However, this news may seem counterintuitive to the news released today, that 50,000 jobs were lost in the U.S. in one day. Coping with the shock is likely on the mind of all of 50,000 newly minted unemployed. However, to fund managers with bulging war chests, the wait is on to discover the bottom. With asset prices falling, demand slumping, and credit inaccessible for most, fund managers are in a very comfortable position to deploy the tremendous amount of cash at their disposal at the plethora of deals not finding an investor right now. The difficult part is finding the bottom.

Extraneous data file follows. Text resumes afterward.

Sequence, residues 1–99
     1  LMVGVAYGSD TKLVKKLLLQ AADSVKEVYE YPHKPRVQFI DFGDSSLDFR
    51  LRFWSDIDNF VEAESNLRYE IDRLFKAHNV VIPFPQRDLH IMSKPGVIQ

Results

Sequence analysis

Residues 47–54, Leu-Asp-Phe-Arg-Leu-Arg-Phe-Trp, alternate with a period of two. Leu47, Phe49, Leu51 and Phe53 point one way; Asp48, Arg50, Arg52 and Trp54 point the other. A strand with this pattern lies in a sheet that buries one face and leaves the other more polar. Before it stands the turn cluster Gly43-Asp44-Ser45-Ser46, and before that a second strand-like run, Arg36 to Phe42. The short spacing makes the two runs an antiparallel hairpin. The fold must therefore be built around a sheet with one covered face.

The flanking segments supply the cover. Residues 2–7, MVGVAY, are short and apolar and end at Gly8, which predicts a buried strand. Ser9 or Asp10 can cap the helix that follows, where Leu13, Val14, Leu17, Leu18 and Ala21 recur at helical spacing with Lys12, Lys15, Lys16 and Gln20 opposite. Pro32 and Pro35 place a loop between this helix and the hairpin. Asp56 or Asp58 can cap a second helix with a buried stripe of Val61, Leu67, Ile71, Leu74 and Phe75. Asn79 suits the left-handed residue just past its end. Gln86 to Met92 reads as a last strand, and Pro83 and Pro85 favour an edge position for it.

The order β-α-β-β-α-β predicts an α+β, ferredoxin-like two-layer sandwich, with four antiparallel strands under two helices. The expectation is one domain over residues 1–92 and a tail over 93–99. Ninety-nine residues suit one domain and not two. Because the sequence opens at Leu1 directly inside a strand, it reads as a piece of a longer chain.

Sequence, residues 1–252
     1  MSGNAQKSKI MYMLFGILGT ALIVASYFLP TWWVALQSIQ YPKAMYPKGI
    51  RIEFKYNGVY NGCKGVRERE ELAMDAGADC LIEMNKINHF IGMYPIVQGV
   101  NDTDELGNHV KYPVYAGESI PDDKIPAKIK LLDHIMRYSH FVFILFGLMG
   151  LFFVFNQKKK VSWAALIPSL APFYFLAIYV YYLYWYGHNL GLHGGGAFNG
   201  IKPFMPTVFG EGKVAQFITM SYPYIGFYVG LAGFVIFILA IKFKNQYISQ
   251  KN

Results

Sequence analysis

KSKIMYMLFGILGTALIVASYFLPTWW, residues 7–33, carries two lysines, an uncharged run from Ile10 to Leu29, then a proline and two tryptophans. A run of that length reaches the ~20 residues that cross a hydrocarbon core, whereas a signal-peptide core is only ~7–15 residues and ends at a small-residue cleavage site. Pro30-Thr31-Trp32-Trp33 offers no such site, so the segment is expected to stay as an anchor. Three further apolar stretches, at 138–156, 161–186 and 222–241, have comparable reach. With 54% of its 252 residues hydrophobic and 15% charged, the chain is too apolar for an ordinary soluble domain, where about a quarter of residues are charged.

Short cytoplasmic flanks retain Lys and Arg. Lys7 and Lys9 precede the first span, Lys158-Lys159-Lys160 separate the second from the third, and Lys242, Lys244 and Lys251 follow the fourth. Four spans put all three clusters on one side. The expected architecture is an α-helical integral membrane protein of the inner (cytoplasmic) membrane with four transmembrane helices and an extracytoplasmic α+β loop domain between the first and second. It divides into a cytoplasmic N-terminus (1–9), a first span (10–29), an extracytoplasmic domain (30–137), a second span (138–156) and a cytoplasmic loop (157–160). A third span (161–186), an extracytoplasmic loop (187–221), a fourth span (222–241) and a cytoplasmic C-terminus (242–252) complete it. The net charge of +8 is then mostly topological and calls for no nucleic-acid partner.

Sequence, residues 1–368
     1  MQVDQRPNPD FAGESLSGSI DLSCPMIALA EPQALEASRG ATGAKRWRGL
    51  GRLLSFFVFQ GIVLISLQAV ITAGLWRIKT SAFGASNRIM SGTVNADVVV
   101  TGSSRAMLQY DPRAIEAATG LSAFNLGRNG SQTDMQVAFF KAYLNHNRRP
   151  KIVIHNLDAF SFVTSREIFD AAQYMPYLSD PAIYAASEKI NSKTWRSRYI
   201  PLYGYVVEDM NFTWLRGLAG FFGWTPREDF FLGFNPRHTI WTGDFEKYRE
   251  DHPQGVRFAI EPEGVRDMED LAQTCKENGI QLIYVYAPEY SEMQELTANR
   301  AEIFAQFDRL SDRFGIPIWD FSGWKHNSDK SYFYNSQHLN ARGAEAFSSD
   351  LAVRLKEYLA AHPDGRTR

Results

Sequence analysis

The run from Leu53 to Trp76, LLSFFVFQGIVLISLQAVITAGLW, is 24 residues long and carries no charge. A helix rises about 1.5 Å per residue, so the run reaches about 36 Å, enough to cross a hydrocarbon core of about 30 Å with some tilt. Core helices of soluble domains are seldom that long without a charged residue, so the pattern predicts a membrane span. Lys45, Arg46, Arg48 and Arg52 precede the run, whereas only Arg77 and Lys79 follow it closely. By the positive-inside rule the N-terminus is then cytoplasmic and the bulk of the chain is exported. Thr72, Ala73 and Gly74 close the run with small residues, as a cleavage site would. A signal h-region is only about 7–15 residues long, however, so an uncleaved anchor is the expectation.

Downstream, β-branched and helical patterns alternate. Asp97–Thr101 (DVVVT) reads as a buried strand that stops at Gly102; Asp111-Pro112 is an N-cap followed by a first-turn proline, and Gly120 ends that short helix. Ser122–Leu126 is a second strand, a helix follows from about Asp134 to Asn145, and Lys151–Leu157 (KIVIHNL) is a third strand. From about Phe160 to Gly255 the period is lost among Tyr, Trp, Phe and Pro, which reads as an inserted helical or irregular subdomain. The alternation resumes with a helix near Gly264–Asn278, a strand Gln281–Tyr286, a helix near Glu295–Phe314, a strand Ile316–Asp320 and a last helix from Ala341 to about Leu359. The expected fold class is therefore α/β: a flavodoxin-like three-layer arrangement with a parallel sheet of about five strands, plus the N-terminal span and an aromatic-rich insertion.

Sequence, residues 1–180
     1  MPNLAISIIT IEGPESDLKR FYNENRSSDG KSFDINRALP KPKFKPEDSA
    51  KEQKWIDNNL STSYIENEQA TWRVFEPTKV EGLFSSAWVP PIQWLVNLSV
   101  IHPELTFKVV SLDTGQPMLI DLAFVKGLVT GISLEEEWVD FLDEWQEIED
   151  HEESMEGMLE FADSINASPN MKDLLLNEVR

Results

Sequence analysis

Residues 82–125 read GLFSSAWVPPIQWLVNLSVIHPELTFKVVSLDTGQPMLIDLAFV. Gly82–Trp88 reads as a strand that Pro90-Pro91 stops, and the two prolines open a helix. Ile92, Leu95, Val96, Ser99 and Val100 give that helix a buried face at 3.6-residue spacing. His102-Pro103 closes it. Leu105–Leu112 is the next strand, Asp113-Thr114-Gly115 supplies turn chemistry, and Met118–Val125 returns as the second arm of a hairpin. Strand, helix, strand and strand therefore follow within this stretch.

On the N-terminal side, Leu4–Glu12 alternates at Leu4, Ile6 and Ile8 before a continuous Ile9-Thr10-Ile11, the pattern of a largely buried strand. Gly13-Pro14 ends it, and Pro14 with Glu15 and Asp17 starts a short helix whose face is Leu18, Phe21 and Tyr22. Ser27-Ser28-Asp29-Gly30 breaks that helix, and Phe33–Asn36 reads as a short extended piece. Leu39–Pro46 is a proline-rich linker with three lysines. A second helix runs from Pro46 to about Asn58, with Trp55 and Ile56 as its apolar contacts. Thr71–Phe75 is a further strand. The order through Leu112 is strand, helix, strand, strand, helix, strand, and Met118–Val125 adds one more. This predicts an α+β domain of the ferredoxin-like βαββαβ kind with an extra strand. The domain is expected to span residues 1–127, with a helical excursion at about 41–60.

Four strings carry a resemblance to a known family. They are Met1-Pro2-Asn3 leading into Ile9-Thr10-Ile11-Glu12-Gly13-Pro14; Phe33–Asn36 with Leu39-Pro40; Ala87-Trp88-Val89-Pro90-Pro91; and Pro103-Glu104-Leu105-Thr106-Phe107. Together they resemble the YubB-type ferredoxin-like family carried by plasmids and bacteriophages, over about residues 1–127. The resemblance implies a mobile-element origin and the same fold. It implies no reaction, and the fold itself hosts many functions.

A report in the Globe and Mail today suggests that the worst of the economic turmoil may now have passed. The argument made by Allan Robinson is that Treasury yields have stabilized and have actually shown preliminary signs of rising (judge for yourself the significance of the the rise, but the decline seems to have stabilized...for now). This means that investors are looking to move their money from out of the wing of the Treasuries and into, likely, investment grade corporate bonds. This is significant because it means investors are beginning to trust the relative stability we are seeing right now.